Nationals and ALP could force bank inquiry

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A solid majority of Coalition voters want an inquiry into banks.

Polling released today identified the rebuff to government policy in the wake of indications from former minister Barnaby Joyce he is prepared to defy a veto made by cabinet when he was a member.

The appearance of a swarm of Nationals threatening to cross the floor is also pressuring Prime Minister Malcolm Turnbull and Treasurer Scott Morrison to back a commission of inquiry.

“We have made it very clear we are not going to establish a royal commission (into banks),” Mr Turnbull said today during his first visit to the Liberal campaign in the Bennelong by-election.

He said: “If we had set up a royal commission into banks two years ago, none of the reforms that we have undertaken would have been achieved.

“You know why? Because people would have said, ‘Oh don’t do that. Wait for the royal commission report …. wait for the report … wait for the report’.

“That’s the issue. It’s the difference between getting on with the job and taking action now, and delivering results now.”

Some 64 per cent of all voters support calls for a royal commission into banking and financial services, according to an Essential poll released today.

Just 12 per cent opposed one.

The pro-inquiry group included 62 per cent of Coalition voters — the same proportion as Greens.

The strongest support came from Labor voters and “Others” — 72 per cent and 71 per cent respectively.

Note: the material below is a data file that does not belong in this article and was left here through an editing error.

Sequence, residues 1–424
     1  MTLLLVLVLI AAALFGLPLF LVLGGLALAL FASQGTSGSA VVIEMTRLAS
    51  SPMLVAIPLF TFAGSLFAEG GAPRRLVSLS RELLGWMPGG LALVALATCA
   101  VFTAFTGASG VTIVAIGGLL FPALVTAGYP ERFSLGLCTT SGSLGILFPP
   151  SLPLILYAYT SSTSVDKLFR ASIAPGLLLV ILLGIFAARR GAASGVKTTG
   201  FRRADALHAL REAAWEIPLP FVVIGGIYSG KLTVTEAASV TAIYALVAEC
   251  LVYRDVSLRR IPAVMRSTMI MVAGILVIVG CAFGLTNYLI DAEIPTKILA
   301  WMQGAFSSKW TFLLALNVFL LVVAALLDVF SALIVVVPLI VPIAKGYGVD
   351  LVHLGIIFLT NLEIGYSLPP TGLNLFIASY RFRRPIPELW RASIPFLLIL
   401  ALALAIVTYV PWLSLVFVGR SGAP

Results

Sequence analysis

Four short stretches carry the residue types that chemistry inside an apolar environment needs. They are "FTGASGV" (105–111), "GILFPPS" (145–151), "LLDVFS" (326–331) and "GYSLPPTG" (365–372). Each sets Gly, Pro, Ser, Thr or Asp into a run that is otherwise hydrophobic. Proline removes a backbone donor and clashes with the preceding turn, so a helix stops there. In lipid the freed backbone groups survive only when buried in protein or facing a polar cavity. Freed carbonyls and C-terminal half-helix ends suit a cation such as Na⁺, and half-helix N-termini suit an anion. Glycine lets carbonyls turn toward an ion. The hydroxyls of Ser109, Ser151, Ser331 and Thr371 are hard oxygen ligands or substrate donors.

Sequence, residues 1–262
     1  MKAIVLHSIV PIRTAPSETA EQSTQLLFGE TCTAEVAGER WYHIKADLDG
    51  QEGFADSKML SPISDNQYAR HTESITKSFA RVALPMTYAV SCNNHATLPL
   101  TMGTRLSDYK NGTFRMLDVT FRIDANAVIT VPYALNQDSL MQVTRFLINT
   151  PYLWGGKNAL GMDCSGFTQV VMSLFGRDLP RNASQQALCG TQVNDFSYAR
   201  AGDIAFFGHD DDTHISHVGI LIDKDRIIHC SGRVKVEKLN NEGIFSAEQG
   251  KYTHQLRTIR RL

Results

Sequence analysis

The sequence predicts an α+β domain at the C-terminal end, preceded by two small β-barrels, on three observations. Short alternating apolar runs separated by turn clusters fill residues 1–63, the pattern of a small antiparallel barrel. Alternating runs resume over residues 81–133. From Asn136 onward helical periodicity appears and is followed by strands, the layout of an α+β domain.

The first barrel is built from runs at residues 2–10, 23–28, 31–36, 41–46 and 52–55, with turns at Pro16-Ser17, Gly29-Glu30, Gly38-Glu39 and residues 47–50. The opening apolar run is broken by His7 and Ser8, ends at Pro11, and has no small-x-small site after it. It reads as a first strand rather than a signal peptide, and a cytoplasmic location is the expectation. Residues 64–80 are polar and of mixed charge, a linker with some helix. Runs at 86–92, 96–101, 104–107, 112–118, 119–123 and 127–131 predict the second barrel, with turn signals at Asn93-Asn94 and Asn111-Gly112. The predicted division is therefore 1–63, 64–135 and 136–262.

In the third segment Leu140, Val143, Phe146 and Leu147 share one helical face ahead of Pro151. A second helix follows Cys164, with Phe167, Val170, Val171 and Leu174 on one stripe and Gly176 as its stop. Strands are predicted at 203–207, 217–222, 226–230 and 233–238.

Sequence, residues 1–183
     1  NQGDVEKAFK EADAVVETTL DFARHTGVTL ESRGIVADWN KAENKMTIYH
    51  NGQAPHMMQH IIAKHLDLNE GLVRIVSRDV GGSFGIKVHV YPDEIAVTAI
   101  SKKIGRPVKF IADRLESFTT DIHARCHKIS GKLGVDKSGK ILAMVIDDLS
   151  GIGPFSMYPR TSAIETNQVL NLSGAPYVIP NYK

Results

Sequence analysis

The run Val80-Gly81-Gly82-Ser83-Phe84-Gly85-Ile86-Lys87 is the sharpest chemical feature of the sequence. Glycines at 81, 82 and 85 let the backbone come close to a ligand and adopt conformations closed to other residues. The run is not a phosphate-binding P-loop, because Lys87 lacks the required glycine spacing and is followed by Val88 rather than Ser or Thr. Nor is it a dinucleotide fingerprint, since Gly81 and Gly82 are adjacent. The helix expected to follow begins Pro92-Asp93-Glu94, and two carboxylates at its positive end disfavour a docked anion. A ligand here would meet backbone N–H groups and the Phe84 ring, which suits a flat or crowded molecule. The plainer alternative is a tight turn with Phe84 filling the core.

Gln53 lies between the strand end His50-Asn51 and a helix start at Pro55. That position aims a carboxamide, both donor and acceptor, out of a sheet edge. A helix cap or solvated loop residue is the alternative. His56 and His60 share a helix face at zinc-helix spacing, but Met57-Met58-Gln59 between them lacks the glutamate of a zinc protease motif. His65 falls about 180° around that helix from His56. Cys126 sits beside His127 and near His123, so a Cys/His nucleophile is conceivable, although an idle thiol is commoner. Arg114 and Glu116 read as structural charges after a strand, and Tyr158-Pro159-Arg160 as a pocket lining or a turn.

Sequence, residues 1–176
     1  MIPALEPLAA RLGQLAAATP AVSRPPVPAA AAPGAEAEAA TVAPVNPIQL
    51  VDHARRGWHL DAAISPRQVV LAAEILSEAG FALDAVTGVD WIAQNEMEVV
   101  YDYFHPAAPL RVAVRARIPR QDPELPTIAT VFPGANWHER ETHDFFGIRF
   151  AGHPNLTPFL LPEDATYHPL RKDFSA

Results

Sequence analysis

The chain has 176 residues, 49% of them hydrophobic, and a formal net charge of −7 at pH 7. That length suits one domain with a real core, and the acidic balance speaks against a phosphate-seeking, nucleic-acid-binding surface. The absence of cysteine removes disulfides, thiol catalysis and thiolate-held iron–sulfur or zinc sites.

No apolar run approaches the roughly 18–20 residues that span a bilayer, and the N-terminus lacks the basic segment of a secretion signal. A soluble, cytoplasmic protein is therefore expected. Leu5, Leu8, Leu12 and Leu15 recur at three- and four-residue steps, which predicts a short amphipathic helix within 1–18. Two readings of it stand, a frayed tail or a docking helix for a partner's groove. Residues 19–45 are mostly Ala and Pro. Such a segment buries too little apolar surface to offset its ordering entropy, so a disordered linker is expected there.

Nationals senator and cabinet member Matt Canavan today said the Government had to hold its ground on the matter but foreshadowed a rebellion by his party.

“You can’t just change your position because of a couple of members — notwithstanding I respect their particular views,” he told Sky News.

“Ultimately, if that’s the way a vote goes in the Parliament or is going to go, well, that’s something we will have to deal with at the time.”

The Nationals’ leader-in-limbo, Mr Joyce will learn his fate on Saturday in the New England by-election, having been forced to step aside because of his dual citizenship.

But over the past 24 hours he has indicated support for the Nationals to split from the Liberals by backing an inquiry.

However, LNP Senator Ian Macdonald firmly rejected the rebellion, saying the royal commission pressure was “populist”, adding: “I don’t think they achieve anything.”

He told Sky News: “All they do in my view is make an easy two years for journalists and lawyers.”

In the House of Representatives, rebel Nats could side with Labor to vote for a private member’s bill creating a royal commission, or at the very least open a debate damaging to the Turnbull government.

The Lower House Nationals threatening to switch sides on the issue include Llew O’Brien and George Christensen, while those in the Senate include Barry O’Sullivan and John Williams.

Officially, the Government has long argued a royal commission would be expensive — possibly as much as $100 million — and would damage the confidence in our banks internationally.



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